Nicholas Latifi admits to having mixed feelings about the looming end of his Formula 1 career.
The Canadian has lost his seat after a third year with Williams, and says he is “still evaluating” what his next move will be.
“Indycar is a category I am thinking about,” the 27-year-old told the Dutch magazine Formule 1. “It’s one of the few classes I like to watch when I’m not racing because it’s exciting and good racing.
“I’d be lying if I didn’t say there are some talks with some Indycar teams.”
Latifi is even open to the idea of enjoying Indycar even more, especially after hearing the retiring Sebastian Vettel say he will “miss the adrenaline” of wheel-to-wheel fights like the one he had with Kevin Magnussen in Mexico.
“Sporting-wise, it was challenging,” he says. “On the other hand, you’re driving a rear-guard car, but it’s still a Formula 1 car.
“This year, unfortunately, we took a step back, while we hoped to compete in the middle bracket like Alfa Romeo, Haas and Aston Martin. They can’t take points in every race either, but they are in a fight every race.
“I had to think about that after Sebastian’s comments after his brilliant fight with Kevin Magnussen in Austin. How many times have I had that kind of feeling in my three years in Formula 1? Maybe three.
“Unfortunately we didn’t get to fight very often. You then drive many races against yourself, or against laptimes that your teammate does. I wish I could have experienced that real racing more.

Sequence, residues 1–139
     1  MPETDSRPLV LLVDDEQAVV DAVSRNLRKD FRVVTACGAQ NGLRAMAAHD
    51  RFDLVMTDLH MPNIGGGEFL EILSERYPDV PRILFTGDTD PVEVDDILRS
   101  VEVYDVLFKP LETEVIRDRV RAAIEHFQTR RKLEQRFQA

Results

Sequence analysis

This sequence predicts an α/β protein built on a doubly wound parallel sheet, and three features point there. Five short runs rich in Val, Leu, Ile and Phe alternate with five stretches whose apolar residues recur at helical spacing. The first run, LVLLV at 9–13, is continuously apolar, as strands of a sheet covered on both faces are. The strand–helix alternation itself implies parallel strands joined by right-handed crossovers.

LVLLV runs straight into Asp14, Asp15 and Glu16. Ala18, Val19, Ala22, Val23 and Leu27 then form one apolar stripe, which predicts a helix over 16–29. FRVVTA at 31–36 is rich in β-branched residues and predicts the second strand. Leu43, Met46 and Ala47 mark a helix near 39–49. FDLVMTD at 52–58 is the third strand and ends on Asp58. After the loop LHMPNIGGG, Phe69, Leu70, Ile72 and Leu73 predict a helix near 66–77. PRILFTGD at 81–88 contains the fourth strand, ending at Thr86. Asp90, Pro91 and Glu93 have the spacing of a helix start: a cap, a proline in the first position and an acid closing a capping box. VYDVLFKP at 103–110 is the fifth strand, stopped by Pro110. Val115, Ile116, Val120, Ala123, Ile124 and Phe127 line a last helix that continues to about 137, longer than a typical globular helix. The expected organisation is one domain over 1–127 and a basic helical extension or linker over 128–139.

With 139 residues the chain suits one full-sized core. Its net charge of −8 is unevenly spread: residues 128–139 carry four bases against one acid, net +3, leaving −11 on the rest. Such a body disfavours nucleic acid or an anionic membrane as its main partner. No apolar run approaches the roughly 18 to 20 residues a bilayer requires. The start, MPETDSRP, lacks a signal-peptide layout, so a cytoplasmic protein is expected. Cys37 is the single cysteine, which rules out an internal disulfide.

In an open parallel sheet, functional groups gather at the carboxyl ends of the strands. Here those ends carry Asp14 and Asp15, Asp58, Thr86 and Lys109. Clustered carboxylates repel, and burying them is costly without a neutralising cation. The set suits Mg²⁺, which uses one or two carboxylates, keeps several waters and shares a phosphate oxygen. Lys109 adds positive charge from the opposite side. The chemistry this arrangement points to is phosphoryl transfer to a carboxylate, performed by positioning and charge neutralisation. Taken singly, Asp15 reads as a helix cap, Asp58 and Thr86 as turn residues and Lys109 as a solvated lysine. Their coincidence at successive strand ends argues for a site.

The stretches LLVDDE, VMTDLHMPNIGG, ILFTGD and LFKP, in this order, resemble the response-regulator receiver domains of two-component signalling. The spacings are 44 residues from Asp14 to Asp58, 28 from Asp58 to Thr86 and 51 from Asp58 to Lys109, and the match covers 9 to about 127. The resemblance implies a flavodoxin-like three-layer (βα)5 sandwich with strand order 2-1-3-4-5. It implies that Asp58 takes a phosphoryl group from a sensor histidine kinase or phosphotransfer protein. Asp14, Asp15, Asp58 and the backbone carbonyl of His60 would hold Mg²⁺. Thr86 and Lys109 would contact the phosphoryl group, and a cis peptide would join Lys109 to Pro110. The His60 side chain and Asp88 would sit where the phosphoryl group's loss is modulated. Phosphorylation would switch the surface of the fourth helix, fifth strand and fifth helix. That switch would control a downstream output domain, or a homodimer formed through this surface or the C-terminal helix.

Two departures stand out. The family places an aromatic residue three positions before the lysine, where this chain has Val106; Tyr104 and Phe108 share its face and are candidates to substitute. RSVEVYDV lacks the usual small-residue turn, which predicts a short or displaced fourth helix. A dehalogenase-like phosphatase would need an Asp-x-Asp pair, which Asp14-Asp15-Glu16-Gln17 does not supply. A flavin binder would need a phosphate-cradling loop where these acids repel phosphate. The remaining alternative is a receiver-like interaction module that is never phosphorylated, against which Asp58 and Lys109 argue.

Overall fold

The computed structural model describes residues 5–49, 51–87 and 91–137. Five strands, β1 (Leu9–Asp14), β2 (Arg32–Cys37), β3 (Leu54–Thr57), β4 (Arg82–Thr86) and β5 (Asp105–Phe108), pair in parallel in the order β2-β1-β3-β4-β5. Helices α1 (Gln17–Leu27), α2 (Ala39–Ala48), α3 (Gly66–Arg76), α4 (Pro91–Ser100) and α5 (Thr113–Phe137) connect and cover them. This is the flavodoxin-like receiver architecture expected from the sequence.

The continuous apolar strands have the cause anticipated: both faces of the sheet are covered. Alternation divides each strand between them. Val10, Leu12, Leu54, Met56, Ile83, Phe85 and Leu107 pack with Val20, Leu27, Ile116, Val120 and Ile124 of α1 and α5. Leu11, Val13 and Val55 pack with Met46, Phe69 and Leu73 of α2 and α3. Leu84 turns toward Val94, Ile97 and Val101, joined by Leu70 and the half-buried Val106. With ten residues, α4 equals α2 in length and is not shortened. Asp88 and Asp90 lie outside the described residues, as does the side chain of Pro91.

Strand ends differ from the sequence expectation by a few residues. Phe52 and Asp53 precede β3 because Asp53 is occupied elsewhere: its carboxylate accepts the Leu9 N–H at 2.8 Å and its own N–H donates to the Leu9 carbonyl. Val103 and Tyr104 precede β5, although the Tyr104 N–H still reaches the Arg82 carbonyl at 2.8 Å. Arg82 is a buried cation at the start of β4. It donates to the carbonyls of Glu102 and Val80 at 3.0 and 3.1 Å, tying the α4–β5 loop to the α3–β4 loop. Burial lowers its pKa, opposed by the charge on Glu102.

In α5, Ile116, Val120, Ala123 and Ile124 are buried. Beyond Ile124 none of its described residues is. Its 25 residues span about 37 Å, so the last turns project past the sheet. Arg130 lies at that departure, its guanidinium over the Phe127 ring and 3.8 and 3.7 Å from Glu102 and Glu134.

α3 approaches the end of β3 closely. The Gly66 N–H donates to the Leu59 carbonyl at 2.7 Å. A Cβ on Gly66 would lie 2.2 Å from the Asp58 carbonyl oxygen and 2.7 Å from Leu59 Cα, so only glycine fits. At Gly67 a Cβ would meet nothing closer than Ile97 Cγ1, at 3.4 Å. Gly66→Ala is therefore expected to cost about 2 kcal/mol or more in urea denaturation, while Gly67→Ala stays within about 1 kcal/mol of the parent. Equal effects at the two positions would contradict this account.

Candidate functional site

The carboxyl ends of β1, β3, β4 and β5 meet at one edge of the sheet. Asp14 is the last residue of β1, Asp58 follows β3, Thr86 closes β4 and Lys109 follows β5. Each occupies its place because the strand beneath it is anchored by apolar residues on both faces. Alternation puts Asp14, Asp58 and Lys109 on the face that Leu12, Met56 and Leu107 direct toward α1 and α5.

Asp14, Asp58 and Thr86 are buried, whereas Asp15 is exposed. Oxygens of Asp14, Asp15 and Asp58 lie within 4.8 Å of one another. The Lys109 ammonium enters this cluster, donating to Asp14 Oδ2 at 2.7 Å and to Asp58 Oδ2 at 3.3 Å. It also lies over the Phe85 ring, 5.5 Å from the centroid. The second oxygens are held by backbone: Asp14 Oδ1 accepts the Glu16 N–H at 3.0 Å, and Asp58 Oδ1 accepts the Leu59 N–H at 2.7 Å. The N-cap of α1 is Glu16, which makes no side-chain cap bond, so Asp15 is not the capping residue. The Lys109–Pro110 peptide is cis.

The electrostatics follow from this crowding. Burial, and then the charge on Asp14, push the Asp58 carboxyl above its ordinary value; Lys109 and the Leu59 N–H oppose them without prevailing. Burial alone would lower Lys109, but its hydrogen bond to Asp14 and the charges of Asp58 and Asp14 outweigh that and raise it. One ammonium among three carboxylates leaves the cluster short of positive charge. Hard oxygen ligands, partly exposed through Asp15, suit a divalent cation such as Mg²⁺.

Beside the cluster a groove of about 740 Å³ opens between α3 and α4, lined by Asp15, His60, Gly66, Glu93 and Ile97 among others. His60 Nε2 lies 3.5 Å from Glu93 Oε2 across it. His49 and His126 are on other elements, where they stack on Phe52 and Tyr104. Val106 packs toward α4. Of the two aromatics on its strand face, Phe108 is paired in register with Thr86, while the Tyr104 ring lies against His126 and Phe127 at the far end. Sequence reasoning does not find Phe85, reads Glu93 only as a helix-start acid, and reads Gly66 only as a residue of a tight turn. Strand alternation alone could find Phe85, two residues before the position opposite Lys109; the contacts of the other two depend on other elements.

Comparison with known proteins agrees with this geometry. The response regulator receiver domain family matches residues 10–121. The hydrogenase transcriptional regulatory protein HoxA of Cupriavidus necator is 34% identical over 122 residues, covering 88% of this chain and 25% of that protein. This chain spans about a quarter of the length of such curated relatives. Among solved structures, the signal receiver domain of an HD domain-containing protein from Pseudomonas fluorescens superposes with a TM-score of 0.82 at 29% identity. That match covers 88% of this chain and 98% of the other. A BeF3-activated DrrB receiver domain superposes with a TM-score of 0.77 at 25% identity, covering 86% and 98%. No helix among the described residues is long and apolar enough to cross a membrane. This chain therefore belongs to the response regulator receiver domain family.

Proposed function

“Because that’s what I like most about racing. If you don’t experience that feeling often enough, it isn’t there for a long time, you have to ask yourself ‘have I really raced a lot in the last three years?’
“No. So was the passion in that sense as high as I’d like? No,” Latifi said.
Those challenges were then compounded by today’s social media toxicity, in which Latifi received death threats after the 2021 finale and was called ‘Goatifi’ online.
“Some of the fans were clearly a lot more negative – clearly not a fan of mine. When things don’t go well, there are always people who jump on it to criticise,” he said.
“I know I have my own sincere fan base – people who have a more accurate picture of me as a person. Then on the other side you have the less sincere, which also applies to many media – including major ones – who choose to organise their business in this way.
“I try not to worry about it and I haven’t been on social media all year either because there are more negative than nice things.”